This year’s International Booker Prize winner is a strangely beguiling work in the tradition of Calvino and Borges, if much less esoteric. Our narrator is a novelist struggling to write meaningfully about memory. Along the way he meets Gaustine, a flaneur doctor-philosopher who decides to set up the clinic of the past, a place that his patients with Alzheimer’s can visit comfortably.
Enchanted by this project, our narrator follows Gaustine’s work obsessively across time and space, getting entangled in all sorts of historical events as the two men become inextricable. Highly praised for its political commentary, what actually stood out to me most were the moments when the narrator reflects on his intimate feelings about life and memory. Yes, the novel’s meditations on nostalgia and its weaponization are timely and well executed. However, the beginning of the third act becomes muddy when the narration focuses on a Brexit-like referendum about which section of the past to permanently return to.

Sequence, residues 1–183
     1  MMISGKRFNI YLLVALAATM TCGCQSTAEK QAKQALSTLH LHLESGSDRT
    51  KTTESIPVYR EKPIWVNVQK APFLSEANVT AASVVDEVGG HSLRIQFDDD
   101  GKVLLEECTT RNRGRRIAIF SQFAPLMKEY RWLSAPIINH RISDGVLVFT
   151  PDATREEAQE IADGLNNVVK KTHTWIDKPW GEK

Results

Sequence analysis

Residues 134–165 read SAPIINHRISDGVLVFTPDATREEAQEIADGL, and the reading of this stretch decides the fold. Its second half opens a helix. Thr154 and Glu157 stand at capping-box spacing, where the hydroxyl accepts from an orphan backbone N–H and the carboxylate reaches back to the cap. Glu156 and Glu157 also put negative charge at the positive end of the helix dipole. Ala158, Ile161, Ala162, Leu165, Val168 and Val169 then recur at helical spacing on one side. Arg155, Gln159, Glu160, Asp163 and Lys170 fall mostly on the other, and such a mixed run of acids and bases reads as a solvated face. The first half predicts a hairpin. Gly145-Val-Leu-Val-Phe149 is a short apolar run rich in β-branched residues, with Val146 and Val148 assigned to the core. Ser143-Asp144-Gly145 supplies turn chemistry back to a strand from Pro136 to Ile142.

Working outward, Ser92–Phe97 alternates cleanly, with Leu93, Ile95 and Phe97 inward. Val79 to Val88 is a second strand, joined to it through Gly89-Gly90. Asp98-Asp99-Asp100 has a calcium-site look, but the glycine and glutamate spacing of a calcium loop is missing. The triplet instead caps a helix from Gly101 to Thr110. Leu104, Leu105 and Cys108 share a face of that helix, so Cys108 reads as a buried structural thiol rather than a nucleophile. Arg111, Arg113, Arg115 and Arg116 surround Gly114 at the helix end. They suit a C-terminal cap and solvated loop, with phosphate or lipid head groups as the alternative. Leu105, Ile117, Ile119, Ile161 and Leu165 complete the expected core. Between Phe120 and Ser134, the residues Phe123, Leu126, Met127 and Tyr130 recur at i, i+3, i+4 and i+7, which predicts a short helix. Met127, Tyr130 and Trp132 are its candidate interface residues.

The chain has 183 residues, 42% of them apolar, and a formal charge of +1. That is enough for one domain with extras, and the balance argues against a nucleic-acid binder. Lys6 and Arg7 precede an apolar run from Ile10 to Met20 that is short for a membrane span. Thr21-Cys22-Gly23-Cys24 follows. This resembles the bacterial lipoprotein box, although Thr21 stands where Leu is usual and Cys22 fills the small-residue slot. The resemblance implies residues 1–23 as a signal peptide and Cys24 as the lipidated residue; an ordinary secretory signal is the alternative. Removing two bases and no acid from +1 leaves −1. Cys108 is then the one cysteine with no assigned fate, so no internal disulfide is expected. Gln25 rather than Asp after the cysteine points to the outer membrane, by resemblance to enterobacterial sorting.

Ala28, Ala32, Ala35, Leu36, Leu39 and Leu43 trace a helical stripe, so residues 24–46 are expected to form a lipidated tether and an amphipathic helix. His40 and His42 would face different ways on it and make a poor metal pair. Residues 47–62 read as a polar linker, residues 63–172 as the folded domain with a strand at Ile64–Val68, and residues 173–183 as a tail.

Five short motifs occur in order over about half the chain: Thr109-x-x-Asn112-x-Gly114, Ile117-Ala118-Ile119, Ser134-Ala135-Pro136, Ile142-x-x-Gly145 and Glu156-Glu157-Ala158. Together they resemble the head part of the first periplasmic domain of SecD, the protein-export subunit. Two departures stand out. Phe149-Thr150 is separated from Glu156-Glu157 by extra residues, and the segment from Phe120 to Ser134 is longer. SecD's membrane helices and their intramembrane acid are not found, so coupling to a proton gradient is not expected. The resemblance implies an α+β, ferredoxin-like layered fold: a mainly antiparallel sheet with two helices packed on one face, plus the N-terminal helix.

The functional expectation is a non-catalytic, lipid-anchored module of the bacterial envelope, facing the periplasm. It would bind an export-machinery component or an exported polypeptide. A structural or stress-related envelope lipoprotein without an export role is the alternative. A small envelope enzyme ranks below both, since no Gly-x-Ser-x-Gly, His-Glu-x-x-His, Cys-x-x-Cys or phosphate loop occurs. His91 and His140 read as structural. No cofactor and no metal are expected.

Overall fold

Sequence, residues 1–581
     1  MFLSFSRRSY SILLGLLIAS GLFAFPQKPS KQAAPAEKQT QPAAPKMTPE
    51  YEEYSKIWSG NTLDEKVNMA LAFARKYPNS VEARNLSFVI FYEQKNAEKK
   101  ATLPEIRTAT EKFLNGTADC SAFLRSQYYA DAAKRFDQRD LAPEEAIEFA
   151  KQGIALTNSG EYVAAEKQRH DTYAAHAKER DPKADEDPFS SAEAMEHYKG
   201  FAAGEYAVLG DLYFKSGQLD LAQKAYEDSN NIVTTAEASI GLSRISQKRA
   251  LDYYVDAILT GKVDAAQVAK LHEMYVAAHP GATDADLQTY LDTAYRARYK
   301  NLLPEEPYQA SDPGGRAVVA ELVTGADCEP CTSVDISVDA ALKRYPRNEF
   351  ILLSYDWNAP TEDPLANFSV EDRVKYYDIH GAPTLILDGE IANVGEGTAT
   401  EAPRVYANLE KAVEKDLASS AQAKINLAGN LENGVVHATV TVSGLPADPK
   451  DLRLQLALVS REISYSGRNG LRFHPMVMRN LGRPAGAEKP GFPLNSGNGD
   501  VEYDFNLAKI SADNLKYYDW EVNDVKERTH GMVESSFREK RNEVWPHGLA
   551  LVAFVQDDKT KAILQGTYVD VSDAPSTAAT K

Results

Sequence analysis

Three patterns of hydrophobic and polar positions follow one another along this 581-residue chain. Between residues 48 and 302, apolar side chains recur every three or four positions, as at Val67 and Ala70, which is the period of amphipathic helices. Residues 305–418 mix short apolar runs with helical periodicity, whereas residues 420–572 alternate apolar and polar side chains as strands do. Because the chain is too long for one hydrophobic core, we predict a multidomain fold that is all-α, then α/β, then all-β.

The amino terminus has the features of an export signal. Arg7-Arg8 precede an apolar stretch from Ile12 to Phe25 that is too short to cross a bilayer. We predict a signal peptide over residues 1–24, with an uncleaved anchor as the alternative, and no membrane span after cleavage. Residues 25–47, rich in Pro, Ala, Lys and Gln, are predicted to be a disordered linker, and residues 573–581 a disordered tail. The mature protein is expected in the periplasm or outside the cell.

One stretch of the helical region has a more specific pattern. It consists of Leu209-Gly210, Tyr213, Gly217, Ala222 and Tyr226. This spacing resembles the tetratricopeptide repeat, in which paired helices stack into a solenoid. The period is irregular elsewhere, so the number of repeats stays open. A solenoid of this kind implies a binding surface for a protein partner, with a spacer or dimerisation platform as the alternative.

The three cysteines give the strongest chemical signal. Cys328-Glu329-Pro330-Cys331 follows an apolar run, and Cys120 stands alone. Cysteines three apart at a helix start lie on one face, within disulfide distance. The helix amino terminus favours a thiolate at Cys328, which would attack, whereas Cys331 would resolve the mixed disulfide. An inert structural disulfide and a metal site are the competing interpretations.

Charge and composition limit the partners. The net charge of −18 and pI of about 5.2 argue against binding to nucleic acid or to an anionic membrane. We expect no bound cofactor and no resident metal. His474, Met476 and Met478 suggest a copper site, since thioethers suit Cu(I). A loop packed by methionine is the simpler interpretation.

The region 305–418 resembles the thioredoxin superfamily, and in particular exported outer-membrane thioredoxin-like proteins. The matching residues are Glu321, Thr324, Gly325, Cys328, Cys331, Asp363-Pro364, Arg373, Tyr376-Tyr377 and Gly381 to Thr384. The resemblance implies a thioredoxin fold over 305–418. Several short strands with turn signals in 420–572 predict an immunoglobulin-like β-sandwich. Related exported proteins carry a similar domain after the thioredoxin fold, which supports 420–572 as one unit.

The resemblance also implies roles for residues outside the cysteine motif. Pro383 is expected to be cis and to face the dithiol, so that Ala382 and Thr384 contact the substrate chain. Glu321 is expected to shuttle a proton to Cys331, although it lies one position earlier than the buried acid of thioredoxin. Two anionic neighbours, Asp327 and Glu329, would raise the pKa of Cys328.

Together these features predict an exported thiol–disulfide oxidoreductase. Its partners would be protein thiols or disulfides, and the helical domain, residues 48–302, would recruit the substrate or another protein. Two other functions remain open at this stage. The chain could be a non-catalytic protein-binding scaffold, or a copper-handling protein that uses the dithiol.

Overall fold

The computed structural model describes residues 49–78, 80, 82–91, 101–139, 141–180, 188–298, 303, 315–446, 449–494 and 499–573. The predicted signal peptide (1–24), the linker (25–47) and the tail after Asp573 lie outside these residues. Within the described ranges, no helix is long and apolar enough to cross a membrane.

I thought the book had lost me, but I am glad I stuck with it, as the subsequent pages tied everything together into a satisfying, quite moving, resolution. Overall, a fascinating and playful literary novel, full of interesting ideas its readers can chew on while trying to picture this impossible clinic of the past. A worthy winner, indeed.